Recommendations from a non-blogger

The BookDepository

I love finding new book recommendations from bloggers, but I sometimes feel that we get stuck in a bit of a rut, all reading the same things. This feeling was enhanced recently when I got into an email discussion with Heidi, a former lurker on my blog.

  

heidiHeidi reads approximately 100 books a year, a pretty impressive number, comparable to many book bloggers, but when I asked her for recommendations I hadn’t even heard of the majority of books she suggested. Here are her suggestions:

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The best contemporary and historical fiction book I have read this year is set in 17th century Persia. It is a first book by a new author Iranian American Anita Amirrezvani and is entitled Blood of Flowers (2008). As a first novel there are a few rusty points but overall it is really quite good and well-written. The main character is a young teenage girl whose fathers dies and she and her mother’s only option is to become servants in a rich uncle’s household, leaving their home and small rural village behind. Also because she has no dowry she is forced to become part of a renewable monthly marriage contract in exchange for money. However, she overcomes all her obstacles through creative and artistic talent (rug making which there is wonderful details about in the book). I hope she writes another but it took her five years to write this one! It was on the list for the Orange Prize and Boeke prize in 2008.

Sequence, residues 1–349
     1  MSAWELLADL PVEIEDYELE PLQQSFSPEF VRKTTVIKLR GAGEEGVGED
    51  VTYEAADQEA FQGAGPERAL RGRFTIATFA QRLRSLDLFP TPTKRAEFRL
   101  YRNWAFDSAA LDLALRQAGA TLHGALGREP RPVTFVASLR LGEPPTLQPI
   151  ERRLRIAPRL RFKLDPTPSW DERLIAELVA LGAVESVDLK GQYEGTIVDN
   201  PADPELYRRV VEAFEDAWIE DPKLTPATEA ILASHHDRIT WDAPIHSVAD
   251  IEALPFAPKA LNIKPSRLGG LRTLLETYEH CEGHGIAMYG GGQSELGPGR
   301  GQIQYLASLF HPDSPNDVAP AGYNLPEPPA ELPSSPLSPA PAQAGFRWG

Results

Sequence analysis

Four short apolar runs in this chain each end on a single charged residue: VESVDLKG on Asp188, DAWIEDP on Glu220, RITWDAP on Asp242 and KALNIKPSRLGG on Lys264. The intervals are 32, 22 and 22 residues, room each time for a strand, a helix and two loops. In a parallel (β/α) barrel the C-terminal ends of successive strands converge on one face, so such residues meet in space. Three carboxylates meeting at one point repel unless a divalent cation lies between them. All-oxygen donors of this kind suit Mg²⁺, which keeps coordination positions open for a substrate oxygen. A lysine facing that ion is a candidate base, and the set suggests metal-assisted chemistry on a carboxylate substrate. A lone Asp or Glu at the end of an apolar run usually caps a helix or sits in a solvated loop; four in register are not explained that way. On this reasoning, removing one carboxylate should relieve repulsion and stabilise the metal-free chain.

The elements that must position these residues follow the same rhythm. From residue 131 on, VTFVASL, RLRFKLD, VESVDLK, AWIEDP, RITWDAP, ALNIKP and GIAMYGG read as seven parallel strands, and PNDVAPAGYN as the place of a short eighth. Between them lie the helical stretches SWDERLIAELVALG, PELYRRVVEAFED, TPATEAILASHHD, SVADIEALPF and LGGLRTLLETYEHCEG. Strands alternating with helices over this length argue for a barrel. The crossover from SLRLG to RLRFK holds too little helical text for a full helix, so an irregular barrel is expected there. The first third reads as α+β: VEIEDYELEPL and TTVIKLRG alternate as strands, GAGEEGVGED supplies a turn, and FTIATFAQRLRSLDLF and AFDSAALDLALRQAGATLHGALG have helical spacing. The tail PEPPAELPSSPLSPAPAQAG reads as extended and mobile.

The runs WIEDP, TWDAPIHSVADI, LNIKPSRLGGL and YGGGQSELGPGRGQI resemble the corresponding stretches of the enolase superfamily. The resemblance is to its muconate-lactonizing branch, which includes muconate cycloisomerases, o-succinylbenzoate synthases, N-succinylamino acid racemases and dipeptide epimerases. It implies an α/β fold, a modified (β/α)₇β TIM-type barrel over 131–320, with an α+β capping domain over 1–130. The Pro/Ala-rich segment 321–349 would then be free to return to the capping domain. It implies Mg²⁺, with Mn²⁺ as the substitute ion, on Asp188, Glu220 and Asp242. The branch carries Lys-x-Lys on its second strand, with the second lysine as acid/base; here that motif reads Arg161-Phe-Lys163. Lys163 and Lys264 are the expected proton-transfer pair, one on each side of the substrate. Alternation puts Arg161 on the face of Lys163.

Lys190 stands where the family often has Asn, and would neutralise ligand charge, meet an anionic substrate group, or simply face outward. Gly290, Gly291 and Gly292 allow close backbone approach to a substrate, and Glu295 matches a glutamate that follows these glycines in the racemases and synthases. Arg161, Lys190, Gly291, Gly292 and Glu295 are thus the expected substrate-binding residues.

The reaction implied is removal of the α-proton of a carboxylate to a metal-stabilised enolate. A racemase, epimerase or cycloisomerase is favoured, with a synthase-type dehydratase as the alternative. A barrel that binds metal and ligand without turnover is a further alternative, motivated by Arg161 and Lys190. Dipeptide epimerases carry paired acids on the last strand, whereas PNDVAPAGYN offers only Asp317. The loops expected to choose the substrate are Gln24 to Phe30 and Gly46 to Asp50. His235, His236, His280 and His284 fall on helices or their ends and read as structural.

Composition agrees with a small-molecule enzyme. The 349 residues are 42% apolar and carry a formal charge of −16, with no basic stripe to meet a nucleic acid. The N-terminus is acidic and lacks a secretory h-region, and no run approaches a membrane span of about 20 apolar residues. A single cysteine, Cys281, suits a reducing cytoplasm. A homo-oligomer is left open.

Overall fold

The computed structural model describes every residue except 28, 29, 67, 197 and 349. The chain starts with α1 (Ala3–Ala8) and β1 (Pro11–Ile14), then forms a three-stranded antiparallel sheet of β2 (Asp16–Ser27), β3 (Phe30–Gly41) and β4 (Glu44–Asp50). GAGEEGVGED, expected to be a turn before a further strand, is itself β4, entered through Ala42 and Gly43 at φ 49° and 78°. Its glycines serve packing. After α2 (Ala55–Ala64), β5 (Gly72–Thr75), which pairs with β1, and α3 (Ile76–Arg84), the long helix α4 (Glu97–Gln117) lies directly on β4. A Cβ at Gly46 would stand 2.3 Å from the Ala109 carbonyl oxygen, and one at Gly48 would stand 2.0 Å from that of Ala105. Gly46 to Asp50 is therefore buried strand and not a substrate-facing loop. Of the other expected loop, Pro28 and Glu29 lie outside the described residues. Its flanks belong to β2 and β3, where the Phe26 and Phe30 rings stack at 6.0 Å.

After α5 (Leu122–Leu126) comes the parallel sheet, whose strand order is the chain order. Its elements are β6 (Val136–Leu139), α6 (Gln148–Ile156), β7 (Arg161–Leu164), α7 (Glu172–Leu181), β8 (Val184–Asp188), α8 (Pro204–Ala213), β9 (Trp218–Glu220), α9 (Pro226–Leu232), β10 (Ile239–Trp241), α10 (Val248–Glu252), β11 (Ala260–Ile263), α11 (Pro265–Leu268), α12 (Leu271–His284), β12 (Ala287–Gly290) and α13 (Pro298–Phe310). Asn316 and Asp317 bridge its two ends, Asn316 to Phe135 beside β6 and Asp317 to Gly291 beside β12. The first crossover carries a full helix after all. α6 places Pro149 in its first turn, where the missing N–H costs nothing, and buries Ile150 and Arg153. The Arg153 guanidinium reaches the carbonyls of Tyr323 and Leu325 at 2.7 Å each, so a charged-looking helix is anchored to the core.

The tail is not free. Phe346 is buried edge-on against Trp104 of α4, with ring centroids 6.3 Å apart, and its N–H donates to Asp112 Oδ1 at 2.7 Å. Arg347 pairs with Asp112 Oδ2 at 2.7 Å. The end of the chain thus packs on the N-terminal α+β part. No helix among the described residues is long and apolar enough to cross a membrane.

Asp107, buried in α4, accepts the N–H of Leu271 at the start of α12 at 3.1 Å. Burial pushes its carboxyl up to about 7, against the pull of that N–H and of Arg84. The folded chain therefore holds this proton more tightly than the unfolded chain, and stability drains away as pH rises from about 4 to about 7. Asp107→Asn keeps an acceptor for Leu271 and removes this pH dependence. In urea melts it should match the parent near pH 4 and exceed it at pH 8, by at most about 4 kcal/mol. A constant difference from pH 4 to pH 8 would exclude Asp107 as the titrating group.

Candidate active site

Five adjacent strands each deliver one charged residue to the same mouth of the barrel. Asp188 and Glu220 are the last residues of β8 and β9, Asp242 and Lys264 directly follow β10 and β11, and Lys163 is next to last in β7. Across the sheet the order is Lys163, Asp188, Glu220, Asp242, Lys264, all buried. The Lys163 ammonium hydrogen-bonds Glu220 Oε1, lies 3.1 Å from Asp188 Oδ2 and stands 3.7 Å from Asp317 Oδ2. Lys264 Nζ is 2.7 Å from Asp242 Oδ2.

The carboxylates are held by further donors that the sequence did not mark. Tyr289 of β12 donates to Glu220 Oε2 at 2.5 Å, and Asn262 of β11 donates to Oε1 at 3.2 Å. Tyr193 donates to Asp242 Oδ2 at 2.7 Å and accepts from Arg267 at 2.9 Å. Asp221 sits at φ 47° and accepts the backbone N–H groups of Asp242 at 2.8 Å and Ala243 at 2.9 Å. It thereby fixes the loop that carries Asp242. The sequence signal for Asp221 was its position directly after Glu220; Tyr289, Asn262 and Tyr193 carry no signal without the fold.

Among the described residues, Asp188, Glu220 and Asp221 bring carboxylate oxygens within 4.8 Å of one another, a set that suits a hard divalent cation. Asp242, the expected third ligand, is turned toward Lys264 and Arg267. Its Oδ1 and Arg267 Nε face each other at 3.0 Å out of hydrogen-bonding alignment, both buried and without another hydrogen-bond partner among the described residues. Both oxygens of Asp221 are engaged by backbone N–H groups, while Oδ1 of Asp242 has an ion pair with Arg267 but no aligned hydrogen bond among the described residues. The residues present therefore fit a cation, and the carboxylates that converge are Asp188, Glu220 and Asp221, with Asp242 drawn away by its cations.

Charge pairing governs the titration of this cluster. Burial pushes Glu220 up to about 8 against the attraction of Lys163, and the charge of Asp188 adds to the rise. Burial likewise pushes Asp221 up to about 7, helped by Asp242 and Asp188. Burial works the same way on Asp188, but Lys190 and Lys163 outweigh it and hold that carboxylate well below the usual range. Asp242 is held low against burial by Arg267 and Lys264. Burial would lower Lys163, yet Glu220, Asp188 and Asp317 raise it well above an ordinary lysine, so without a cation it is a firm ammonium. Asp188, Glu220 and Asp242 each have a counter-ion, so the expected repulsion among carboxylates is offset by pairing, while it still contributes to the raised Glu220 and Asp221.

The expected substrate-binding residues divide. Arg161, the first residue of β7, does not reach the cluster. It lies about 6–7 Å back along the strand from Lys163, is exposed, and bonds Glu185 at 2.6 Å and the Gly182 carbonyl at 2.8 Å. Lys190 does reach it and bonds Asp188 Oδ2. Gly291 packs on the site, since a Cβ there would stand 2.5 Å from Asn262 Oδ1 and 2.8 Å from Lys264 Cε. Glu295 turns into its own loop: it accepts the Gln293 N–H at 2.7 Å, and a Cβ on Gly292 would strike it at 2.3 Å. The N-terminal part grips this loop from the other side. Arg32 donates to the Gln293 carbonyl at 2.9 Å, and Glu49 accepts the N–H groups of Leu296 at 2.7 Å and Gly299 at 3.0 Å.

One of the most fascinating authors that I have discovered that I notice no one else seems to have heard of is Par Lagerkvist. He was the winner of the Noble Prize for literature in 1951 and is a Swedish author. He is not old fashioned to read at all and his books all feel very modern still. He was very much affected by the two world wars he lived through and his basic premise in all his books is exploring good and evil and how do we live a meaningful life in face of so much tragedy. The easiest way to jump in (and I am almost done) is The Marriage Feast a collection of his short stories. The stories are collected from 30 years of his writing and are very versatile (showing his range). So far I have read The Dwarf and The Sybil and have found both very unique and fascinating. His books and stories have a big impact and resonate—you stop and think about them afterword—paused…. The books are not all dark either (although The Dwarf is very dark) there is usually something hopeful within as well.